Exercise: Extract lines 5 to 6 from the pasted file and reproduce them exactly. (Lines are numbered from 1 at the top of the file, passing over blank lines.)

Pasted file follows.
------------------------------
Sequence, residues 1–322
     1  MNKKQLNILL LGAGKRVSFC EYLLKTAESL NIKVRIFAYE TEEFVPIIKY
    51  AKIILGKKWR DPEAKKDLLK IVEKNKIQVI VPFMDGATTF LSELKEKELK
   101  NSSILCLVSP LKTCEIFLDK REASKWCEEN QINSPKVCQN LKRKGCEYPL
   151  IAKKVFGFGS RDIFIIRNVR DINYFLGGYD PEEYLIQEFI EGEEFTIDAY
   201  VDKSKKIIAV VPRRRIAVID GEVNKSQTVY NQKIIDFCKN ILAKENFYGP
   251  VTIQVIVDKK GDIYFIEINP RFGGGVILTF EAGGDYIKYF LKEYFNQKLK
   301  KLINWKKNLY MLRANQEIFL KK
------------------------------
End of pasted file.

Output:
   151  IAKKVFGFGS RDIFIIRNVR DINYFLGGYD PEEYLIQEFI EGEEFTIDAY
   201  VDKSKKIIAV VPRRRIAVID GEVNKSQTVY NQKIIDFCKN ILAKENFYGP